The Telegraph
Since 1st March, 1999
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Blind advocate in second innings

Ahmedabad, March 12: For someone who lost his sight as a child, he has an amazingly clear vision of life — that it is never too late to realise your dreams. Even at 58.

Chandrakant Jalrapurkar, Gujarat’s first blind advocate, began a new innings on Monday after retiring last November as a teacher of music, his first love, when he appeared before a tribunal for his first client — a dismissed primary school teacher.

He was always like that. As a music student in a school in Vadodara, Chandrakant had run away to Mumbai to become a playback singer. He soon realised he could do nothing without a “godfather”. Disappointed, he came back and resumed his studies.

Just when it seemed to be the end of the road, inspiration came. One of his teachers told him to “do something different, to think big”. In those days, Chandrakant recalls, for a blind person it was a big thing to dream of becoming an advocate. So he enrolled in Gujarat University while teaching at CL Sarswati Kunj School and got his LLB degree in 1995. Recently, the Gujarat Bar Council gave Chandrakant the “sanad”, which enables him to practise in courts.

A father of two daughters and a son, Chandrakant admits that he would face difficulties in his new profession but says he is confident of handling the pressure. For everyday matters, he has an assistant who helps him draft applications while his wife escorts him wherever he goes.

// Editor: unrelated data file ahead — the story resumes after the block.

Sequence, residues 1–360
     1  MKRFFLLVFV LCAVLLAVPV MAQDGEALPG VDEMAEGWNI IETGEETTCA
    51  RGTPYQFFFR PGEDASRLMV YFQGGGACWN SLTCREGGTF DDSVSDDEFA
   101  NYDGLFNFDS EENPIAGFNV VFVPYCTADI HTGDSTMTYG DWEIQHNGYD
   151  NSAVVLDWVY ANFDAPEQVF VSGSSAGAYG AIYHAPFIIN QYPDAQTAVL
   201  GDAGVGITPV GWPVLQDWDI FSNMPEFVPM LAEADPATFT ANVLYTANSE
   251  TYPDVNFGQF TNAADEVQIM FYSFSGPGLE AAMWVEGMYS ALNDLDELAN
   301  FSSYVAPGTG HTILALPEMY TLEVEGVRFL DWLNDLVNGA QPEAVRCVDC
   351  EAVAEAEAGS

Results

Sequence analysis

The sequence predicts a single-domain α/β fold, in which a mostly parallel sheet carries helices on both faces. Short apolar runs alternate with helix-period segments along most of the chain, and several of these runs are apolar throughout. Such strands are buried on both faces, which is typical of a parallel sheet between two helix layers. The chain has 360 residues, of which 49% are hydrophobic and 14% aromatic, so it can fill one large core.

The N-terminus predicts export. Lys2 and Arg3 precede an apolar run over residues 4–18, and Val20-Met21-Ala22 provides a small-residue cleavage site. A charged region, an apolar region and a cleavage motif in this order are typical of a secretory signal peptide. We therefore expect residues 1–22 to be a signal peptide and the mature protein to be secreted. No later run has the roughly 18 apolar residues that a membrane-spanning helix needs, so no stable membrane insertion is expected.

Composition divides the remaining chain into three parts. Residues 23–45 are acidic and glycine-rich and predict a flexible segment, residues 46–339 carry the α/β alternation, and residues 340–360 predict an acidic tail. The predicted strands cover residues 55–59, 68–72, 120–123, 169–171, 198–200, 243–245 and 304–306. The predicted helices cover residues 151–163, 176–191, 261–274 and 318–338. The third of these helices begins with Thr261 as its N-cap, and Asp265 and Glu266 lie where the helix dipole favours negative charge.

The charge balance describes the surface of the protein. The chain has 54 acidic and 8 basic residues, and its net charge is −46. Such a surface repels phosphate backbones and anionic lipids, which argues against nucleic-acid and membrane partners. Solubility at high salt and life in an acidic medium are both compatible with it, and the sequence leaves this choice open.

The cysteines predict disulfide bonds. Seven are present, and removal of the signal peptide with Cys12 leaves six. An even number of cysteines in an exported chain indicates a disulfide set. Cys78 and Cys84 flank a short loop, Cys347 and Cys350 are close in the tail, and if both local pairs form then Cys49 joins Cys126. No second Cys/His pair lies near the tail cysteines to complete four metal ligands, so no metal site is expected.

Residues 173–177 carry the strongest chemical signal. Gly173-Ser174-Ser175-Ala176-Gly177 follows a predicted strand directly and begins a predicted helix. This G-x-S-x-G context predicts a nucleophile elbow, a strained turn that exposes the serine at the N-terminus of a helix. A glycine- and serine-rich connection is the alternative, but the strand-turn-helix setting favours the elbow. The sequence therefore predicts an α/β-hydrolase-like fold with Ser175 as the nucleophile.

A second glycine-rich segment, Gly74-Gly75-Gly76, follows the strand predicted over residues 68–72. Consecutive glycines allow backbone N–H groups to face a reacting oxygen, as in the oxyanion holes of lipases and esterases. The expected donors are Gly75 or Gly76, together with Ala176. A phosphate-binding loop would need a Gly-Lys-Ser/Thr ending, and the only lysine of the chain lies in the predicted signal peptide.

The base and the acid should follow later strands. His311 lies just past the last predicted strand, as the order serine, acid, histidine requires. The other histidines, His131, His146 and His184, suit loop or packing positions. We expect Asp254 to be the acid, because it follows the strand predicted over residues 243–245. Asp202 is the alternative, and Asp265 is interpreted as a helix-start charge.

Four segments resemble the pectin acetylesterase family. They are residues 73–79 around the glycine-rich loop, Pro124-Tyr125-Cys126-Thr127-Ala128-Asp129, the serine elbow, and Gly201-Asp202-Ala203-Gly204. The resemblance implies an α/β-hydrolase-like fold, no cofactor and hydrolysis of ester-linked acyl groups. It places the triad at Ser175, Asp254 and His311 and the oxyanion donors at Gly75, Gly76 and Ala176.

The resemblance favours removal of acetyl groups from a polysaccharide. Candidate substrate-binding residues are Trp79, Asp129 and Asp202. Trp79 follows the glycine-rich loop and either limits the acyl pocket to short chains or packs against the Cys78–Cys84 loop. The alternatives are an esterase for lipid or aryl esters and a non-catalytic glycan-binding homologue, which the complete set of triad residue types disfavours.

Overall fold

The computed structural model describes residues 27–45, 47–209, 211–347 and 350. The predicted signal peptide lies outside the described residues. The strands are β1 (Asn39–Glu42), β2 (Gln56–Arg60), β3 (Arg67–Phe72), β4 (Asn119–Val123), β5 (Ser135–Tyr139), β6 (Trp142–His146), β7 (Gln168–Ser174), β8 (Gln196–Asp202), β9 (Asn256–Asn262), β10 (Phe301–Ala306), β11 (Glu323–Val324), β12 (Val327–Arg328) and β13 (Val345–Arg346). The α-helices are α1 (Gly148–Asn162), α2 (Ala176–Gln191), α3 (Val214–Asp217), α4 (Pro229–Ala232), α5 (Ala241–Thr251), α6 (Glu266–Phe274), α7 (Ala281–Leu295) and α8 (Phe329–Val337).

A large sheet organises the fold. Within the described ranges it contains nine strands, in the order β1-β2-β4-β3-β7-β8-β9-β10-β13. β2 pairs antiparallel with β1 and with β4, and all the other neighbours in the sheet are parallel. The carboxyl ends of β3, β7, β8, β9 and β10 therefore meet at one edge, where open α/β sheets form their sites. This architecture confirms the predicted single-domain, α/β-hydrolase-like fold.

Chandrakant also knows there are only a handful of blind lawyers in the country. “As far as I know there are only three blind advocates practising in the country — two in Delhi and one in Calcutta,” he says. The list has now swelled by one more.

Chandrakant’s struggle started early. He was six when he lost his vision for which he blames “incompetent doctors in Sidhpur”, his native place in north Gujarat. This was revealed to him after several years by a nurse of the same hospital.

After he lost his sight, Chandrakant sat at home for six years. It was only after a family acquaintance advised his parents to send him to Vadodara that he joined a government blind school and learnt Braille.

After completing his SSC, he worked as a teacher of classical and light music. But he wanted to study more. So in 1965, he joined LD Arts College to do his MA.

The fighter in Chandrakant became evident when he took up the cause of “low paid” primary school teachers who had no job security. As president of the Gujarat State Primary Teachers’ Association, a post he held for 25 years, he forced the state government to regularise 3,200 teachers who had been served notices by the school managements.

No wonder, his first client happens to be a primary school teacher. Though the tribunal ordered the school authorities to reinstate the teacher, the management appealed the decision in the high court, where Chandrakant will represent the teacher.

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